In Looe - a coastal community in Cornwall reliant on summer visitors for survival - plastics enter the river during the summer season at an alarming rate. Takeaway coffee cups, plastic bottles, brightly coloured crab-nets and neon ice cream spoons pile up on the harbour side awaiting the rains and tidal floods to sweep them off to add to the harmful afterlife plastic is having in our oceans.
Plastic isn't 'bad' or 'good' - it is a both wonder material, strong, light and resistant (hence why it lasts) and without it we wouldn’t have a lot of things we rely on everyday. The problem is our over-use and poor disposal of it, which isn’t so wonderful.
Don't just take my word for it, here are the facts: of the 6300 million tonnes of plastic waste generated between 1950-2015 globally, 9% has been recycled, 12% incinerated and 79% has been disposed of in the natural environment (and despite increasing awareness, by 2050 the amount of plastic waste is only set to increase (2)).
Macro-plastics are resistance to deterioration, brightly-coloured mimicking the food of wildlife and are often purposely shaped into nets to capture fish. As a result of these characteristics they damage a spectrum of marine creatures due to ingestion, entanglement and choking, which are documented in a range of marine mammals, seabirds, turtles, corals and fish (10).
Micro-plastics are more insidious - reminiscent of radioactive fallout after a nuclear accident, but sadly far more prevalent. Micro-plastics are produced either naturally through erosion of large pieces of plastic, or by man for use as micro-beads (in facial scrubs, toothpaste and shower gels). Most microplastics come from fibres come of our clothes in washing (find out more about microfibres here). The United Nations estimates that there is over 500 times as many micro-plastic particles in the ocean as stars in our own galaxy – over 50 trillion micro-plastic particles!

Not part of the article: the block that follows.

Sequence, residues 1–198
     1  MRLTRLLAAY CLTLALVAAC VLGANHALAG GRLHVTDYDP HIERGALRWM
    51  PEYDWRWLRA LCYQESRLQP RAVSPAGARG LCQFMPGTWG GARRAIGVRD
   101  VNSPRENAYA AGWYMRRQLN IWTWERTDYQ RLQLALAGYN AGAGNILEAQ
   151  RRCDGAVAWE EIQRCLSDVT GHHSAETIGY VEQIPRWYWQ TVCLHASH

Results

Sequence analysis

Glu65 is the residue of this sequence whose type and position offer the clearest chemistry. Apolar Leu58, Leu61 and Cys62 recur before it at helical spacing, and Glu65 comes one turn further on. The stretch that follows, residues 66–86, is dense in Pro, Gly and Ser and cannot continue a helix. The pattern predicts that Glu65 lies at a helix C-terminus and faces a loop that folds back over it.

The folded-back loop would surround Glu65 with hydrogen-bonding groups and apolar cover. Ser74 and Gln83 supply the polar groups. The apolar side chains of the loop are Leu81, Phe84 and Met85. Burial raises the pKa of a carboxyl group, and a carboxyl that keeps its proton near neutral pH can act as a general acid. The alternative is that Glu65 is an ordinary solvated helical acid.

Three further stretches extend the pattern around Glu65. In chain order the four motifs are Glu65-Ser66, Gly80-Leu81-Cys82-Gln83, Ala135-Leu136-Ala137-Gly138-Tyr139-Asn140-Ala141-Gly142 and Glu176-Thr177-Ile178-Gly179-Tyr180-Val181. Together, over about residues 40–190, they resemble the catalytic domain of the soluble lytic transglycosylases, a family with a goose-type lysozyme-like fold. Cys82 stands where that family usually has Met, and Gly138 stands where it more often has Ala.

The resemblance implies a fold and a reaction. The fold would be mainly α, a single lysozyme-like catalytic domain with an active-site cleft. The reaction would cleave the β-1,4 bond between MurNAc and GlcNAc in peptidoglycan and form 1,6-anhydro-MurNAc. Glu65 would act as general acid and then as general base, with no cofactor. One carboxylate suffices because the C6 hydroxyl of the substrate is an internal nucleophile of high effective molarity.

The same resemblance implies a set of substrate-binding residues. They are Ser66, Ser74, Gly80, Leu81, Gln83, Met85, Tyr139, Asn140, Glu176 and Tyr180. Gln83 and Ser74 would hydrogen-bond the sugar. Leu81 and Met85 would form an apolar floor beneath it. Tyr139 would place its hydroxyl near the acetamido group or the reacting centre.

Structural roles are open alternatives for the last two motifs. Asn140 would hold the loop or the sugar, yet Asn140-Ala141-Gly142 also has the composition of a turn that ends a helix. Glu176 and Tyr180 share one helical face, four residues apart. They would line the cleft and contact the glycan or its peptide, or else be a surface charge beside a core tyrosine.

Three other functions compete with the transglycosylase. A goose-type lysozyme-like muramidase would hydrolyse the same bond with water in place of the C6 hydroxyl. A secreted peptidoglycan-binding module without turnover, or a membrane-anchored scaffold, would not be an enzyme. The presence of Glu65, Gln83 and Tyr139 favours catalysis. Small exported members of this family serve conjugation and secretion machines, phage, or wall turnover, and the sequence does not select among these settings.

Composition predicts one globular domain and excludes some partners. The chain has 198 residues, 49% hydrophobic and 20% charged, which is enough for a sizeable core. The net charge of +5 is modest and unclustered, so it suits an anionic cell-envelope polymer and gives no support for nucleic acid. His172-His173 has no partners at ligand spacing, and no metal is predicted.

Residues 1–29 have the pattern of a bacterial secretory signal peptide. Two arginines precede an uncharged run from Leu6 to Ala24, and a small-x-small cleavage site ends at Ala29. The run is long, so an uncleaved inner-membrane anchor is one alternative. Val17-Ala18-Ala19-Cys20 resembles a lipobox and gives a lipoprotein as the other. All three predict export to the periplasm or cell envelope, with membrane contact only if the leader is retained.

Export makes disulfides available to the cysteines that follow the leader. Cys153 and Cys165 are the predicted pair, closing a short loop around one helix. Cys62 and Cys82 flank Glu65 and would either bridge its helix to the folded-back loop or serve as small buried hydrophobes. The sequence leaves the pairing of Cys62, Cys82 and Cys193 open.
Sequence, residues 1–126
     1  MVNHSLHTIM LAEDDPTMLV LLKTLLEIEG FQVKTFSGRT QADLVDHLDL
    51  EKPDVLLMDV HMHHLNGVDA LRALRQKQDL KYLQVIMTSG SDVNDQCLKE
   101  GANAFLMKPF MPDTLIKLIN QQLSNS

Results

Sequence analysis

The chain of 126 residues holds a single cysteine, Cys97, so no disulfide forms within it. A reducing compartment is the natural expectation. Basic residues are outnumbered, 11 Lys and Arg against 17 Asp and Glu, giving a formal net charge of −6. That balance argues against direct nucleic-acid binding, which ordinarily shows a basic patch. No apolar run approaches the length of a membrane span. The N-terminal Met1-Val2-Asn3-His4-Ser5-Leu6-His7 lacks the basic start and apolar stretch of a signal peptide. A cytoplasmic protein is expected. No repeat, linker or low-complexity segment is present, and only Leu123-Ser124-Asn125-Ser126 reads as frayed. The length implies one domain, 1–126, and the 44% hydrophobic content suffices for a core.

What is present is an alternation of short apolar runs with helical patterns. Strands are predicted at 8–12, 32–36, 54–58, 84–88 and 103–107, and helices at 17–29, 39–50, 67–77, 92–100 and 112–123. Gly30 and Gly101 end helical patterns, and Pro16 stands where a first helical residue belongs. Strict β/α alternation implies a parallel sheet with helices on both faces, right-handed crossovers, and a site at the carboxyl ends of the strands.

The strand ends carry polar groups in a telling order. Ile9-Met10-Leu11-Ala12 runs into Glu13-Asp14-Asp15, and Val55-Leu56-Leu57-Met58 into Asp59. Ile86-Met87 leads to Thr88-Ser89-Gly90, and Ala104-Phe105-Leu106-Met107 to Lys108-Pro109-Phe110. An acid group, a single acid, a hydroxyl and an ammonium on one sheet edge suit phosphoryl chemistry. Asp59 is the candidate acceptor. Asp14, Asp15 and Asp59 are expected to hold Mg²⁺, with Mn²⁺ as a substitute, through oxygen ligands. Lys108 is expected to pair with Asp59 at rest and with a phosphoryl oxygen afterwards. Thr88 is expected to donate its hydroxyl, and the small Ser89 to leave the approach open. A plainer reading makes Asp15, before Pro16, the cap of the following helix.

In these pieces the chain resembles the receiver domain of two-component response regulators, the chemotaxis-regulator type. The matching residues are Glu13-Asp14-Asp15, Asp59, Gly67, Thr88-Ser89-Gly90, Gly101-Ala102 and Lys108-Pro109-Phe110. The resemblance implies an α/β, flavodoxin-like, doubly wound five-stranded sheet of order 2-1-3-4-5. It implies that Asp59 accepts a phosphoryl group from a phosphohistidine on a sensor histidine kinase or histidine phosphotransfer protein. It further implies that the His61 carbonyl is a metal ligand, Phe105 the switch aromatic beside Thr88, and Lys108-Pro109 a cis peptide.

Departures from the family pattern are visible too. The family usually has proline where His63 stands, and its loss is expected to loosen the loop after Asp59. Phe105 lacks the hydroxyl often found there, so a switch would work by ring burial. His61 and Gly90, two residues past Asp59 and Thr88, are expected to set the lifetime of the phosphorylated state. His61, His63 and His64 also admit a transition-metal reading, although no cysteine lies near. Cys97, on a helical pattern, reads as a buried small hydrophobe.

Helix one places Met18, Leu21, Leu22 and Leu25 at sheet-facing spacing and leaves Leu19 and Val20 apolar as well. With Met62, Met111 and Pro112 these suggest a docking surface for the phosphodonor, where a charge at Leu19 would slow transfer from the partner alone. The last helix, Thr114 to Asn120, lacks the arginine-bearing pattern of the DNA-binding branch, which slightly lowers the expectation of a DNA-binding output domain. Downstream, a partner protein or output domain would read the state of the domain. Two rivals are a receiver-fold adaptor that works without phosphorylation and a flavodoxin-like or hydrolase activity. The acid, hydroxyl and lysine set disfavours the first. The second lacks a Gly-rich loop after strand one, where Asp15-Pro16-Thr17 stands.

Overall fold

Many types of plastic when they enter the ocean break down into micro-plastics, which look exactly like plankton. Micro-plastics are easily absorbed into fatty tissues and due to their persistence accumulate through the food chain, as microbes are eaten by plankton, who are eaten by fish and so. Micro-plastics impacts therefore are worst on predatory species because of a process called biomagnification - which magnifying pollutants negative effects on animals higher up the food chain (11, 12 , 13).
These microplastics often get eaten, entering the food chain and eventually end up on our plates in seafood- which is worrying because they readily absorb other toxic pollutants - which means that predatory species such as sharks, mackerel, tuna and seals, have much higher amounts of plastics and associated pollutants in their tissues than we would expect from direct exposure to polluted waters alone. This is troubling as we humans are the apex predators of nearly every modern marine food chain and therefore these toxins can pose a significant health risk for those who consume them (Zarfl and Matthies, 2010).
To reduce the amount of plastic accumulating in our ocean we must identify the exact behaviours that result in plastic entering the ocean - understanding the psychological and contextual factors that drive these actions - and then use this new behavioural knowledge instigate an adoption of new practices that end the flow of plastics into the environment.
To this aim this project tried to better understand why plastic is ending up as litter and whether psychologically-smart signs nudge visitors towards better behaviour along the harbour quayside in Looe, Cornwall.
The hope is that we can find more effective solutions to the environmental challenges Cornwall and the rest of the world faces. The insights gained will also help any community, business or organisation experiencing environmental problems due to the behaviour of visitors, who are often not invested in the long-term health of the environmental places they visit, helping coastal communities to make signage that is targeted and effective reducing the tide of plastic entering our oceans.
|We found this Spider Crab foraging in still water full of floating seaweed and plastic, whilst Freediving. Her shell, which is covered in seaweed had pieces of plastic fishing line imbedded into it.|
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